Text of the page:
The Madera County Board of Supervisors unanimously approved a draft Memorandum of Understanding (MOU) Tuesday, that, if agreed upon by Picayune Rancheria of Chukchansi Indians leaders, could prove a key step in reopening the tribe’s casino.
Tribal approval of the MOU, along with federal and state agreements, are necessary before Chukchansi Gold Resort & Casino can reopen after it was shut down in October out of safety concerns from a raid between rival factions.
The MOU covers tribal financial obligations to the county including law enforcement, fire protection, road improvements, economic development programs, alcohol education, and treatment and prevention of problem gambling disorders.
The first MOU between the tribe and county was agreed upon in August of 2001, and a revised MOU was written in Feburary, 2007. The revised 14-page MOU requires the tribe to pay the following:
* $3 million to cover three missed years of previously-agreed annual $1 million disbursements for public safety, including five sheriff deputies, three fire captains, and 10 firefighters to cover one fire engine and an aerial apparatus, as well as medical aid services for the casino 24 hours per day, seven days a week.
* $1.1 million one-time contribution towards the purchase of an aerial fire engine.
* $1 million annual payment to supplement the county’s budget for road maintenance and improvements projects.
* $1 million annual payment into the county’s budget for use at the county’s disclosure.
* $924,428 owed to the county in accordance with the 2007 MOU, through unpaid payments due to the casino closure.
* $250,000 paid to the county’s Department of Community and Economic Development, to be used on neighborhood housing, workforce programs, or other purposes.
* $75,000 annual payment to Cal Fire for use at Madera County Fire Station No. 8.
* $25,000 annually for the county’s Behavioral Helath Services for for alcohol education, and problem gambling.
The $1 million additional payment to the county’s general fund was included as a “catch all,” said Eric Fleming, Madera County Chief Administrative Officer.
“When there was a lot of turmoil, there was a lot of impact on staff resources,” Fleming said. “We were spending a lot of time on tribe-related issues, whether it was legal services, and administrative time. There were things not covered that we felt needed to be included.”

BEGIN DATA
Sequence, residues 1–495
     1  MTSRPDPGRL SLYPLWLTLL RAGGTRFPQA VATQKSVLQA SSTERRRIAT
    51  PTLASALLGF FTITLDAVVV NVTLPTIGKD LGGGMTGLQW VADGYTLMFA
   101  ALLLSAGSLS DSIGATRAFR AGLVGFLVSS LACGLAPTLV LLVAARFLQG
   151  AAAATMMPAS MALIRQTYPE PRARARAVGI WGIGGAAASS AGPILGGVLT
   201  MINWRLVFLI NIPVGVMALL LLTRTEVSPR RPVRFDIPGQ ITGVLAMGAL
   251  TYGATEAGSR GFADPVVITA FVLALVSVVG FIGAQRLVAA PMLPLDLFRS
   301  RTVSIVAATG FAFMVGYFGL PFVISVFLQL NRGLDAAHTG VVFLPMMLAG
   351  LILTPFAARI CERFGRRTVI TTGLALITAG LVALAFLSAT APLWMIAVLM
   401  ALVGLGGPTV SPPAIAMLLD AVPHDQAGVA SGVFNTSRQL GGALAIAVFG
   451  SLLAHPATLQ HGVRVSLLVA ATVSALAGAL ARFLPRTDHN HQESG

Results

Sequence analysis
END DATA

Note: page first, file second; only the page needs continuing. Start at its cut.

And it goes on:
New items in the MOU would require the tribe to have the casino’s hotel participate in the county’s Transient Occupancy Tax Ordinance (TOT or bed tax), as well as the 2% Tourism Business Improvement District (TBID) Assessment, and waive sovereign immunity with respect to the collection and payment of the tax from hotel room sales.
The current county hotel bed tax is 11%, and the TBID’s 2% hotel room tax goes to the Yosemite Sierra Visitors Bureau.
Monica Davis, who introduced herself as spokesperson for her tribal council (formerly Tex McDonald faction), voiced opposition to the hotel taxes, stating those requirements violate federal law and the tribe’s sovereignty.
Reggie Lewis, chairman of the federally recognized 2010 council, was not at the board meeting, but stated Davis does not have the authority to enter into any agreements with the county.
“Her group is not recognized by anyone but themselves,” Lewis said. “My council has been recognized by the Bureau of Indian Affairs, Interior Board of Indian Appeals, the National Indian Gaming Commission, The California Gaming Commission, and the governor’s office. We are currently in control of all he tribe’s financial dealings including education, housing, and anything associated with the federal government PL 638 funding which pays for various tribal benefits including fire protection, and some elder programs.”
Lewis said he was not aware of the revised MOU and did not receive prior notification as called for in the first MOU.
“We will take it in consideration, but in no way will we approve anything until our attorney looks at it,” Lewis said.
David Rogers, chairman of the Madera County Board of Supervisors, said copies of the MOU were delivered Tuesday afternoon to the two factions for them to review.
“We are preparing for the time the leadership issue is resolved,” Rogers said.
It appears the casino will remain closed until after a tribal council election on Oct. 3 takes place. A National Indian Gaming Commission spokesman told The Fresno Bee the commission will wait until a new council is seated to further prove leadership stability.